The gently curved chute looks a like a ski jump for giants. But instead of holding back super-sized Eddie the Eagle types, the huge steel-enforced concrete gates at the top of the ramp keep the World’s seventh largest river at bay.
When the doors are raised, millions of gallons of H20 races down the 483 metre-long slide before hurtling over the precipice and plummeting downwards.
Twenty generator units installed along the dam’s 7.2 kilometre radius harness the power of this tremendous water surge, converting agua to electricity.
One of the most expensive objects ever made, in 1994 Itaipu hydroelectric dam was named a manmade wonder of the modern world by the American Society of Engineers.
Despite losing its ‘World’s biggest dam’ crown to the monster Three Gorges hydroelectric plant in China, Itaipu still produces more electricity per annum than any other hydroelectric plant in the world. It provides 19 per cent of Brazil’s and 90 per cent of Paraguay’s total annual energy needs.
At the smart Itaipu Dam welcome centre, some 10 kilometres from Ciudad Del Este – the famed ‘supermarket of South America’ – we tag on to a free tour around the hydroelectric plant.
Our smiling guide bombards our ears with facts: “There’s enough concrete in this dam to build 210 football stadiums the size of Rio’s Maracanã…”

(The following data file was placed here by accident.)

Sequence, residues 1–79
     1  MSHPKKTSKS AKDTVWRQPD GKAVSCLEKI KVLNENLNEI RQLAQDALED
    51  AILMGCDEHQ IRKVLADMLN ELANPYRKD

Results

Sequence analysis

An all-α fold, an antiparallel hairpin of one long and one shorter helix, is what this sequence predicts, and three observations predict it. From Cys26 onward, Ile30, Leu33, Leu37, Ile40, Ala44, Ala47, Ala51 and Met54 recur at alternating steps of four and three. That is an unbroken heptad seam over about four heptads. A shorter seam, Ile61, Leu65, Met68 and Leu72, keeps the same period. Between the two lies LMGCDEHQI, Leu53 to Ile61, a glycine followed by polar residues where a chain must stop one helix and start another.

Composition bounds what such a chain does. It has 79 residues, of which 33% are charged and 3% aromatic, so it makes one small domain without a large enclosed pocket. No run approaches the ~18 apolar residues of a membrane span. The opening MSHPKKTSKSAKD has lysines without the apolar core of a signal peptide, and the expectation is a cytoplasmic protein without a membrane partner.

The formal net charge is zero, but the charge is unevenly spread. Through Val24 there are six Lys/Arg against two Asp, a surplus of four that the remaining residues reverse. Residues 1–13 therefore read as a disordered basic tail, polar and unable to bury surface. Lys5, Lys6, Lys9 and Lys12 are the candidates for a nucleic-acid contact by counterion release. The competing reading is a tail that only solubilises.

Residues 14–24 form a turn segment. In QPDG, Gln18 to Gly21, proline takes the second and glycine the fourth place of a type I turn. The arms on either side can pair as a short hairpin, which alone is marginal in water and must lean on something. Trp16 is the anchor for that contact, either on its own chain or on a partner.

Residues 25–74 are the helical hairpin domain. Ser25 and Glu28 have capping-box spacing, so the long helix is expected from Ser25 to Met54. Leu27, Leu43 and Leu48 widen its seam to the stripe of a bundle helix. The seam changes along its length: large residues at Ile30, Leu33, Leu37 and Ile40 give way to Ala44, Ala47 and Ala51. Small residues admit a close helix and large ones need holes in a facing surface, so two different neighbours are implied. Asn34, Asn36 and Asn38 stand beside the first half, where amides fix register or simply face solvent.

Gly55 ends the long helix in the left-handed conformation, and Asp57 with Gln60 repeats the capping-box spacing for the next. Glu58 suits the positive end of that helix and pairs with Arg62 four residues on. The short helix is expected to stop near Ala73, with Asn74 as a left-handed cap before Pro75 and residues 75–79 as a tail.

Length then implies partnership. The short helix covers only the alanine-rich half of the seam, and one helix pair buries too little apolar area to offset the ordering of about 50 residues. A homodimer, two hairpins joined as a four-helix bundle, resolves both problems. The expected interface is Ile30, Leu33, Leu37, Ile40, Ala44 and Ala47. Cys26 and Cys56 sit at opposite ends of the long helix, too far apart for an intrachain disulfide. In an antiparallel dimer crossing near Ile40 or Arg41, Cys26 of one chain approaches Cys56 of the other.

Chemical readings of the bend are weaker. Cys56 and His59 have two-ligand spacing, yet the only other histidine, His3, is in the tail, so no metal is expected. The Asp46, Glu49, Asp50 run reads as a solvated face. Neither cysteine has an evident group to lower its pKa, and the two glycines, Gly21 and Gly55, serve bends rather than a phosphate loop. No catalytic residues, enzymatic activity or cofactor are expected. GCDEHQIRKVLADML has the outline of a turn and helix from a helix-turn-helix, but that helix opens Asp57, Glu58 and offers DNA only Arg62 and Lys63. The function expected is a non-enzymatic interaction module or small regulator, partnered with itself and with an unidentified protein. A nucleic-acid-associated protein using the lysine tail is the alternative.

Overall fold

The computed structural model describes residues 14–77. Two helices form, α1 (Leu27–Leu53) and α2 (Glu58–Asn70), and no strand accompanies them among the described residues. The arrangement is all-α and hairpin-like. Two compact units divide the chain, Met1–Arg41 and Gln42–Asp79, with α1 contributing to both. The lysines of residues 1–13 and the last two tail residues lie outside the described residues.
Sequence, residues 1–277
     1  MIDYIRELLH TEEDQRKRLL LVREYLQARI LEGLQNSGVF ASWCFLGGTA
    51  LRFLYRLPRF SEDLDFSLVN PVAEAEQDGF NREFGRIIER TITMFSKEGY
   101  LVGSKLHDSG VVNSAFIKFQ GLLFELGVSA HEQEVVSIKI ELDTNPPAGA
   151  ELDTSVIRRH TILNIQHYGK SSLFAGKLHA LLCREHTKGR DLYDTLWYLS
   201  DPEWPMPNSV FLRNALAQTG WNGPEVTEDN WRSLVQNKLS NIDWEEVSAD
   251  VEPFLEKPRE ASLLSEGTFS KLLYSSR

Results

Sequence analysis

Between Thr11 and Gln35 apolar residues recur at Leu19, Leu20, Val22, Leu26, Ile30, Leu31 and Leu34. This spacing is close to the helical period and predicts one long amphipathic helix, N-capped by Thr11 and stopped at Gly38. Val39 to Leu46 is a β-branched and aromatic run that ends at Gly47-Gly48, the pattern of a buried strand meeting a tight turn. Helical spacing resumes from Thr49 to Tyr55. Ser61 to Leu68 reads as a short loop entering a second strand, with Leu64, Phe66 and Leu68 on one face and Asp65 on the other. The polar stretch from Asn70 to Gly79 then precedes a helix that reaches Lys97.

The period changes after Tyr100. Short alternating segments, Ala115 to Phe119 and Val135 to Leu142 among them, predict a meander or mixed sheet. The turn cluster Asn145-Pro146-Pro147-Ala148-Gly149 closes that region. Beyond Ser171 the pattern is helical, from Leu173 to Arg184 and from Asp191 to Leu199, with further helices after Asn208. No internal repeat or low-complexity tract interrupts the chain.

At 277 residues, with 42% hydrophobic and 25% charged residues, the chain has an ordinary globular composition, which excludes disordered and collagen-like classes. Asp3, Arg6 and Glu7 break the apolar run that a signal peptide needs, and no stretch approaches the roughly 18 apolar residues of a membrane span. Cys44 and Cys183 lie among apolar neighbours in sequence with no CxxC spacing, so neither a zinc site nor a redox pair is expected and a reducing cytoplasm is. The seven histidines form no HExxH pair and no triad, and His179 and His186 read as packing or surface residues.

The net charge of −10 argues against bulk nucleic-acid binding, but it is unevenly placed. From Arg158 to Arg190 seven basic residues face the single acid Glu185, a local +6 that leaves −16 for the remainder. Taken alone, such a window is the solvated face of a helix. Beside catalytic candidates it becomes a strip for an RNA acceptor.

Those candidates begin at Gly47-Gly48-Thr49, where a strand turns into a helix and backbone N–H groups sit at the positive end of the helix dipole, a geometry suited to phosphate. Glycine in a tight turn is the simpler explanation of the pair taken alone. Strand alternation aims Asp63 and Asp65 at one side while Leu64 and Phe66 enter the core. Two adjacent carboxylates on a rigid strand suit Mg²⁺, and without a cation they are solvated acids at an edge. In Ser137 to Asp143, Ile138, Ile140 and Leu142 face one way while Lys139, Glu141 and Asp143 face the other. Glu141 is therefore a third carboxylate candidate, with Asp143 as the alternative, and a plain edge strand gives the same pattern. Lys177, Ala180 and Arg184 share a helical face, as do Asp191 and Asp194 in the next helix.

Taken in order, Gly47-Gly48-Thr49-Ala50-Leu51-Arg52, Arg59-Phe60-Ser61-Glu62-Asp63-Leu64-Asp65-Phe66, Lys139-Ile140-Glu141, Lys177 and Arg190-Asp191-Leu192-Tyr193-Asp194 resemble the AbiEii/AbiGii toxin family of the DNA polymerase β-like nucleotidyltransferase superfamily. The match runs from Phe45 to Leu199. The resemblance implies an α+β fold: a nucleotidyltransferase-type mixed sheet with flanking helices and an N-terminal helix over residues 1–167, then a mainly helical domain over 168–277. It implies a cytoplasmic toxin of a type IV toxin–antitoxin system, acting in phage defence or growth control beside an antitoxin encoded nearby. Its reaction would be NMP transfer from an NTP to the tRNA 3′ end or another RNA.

“…No less than 380 Eiffel Towers could be built with the iron and steel used for the construction of the plant…”
“…The volume of earth and rock extracted from here to build the dam is more than eight times greater than that removed to create the Channel Tunnel…”
“…If Brazil were to use thermal power generation to produce the electric power of Itaipu, 434,000 barrels of petroleum would have to be burned every day…”
Sophie and I join fellow tourists in wide-mouthed admiration at what sounds like both an engineering and environmental success story.
But, of course, everything comes at a cost and behind the one-sided PR spin lies the familiar story of native indians being displaced – 10,000 families in this case – alongside the destruction of natural habitats boasting jaguars, exotic birds, tapirs, crocodiles and deer.
To create the enormous Itaipu Reservoir, Guaíra Falls, the biggest waterfalls (by volume) in the world had to be completely submerged.
The falls were reportedly just as breathtaking as their neighbours at Iguazu a few miles down the road, but any chance they may one day be witnessed again ended when the Brazilian government dynamited the now suberged cliff edge to enable a safer passage for ships.
Yet as we skirt along the top of the dam, one can’t help but marvel at the technical and engineering prowess required to conceive and build this huge power generator.
Our enthusiastic host ensures the facts keep coming.
“…The flow down the spillways is more than 60 thousand cubic metres per second – 40 times the average of Iguazu Falls…”
“… It electrifies South America’s biggest city – São Paulo…”
Later we take a stroll around Itaipu Zoo, part of a conservation project that provides shelter for animals rescued from the area destroyed when the dam was built.
In contrast to the plush décor of the visitor centre, the cages in the zoo that house a variety of rescued animals are small and rundown. The animals on show include big cats, birds of prey, turtles, toucans, leopards and crocodiles.
There is no question of the huge benefits the dam has brought, but power certainly has its price.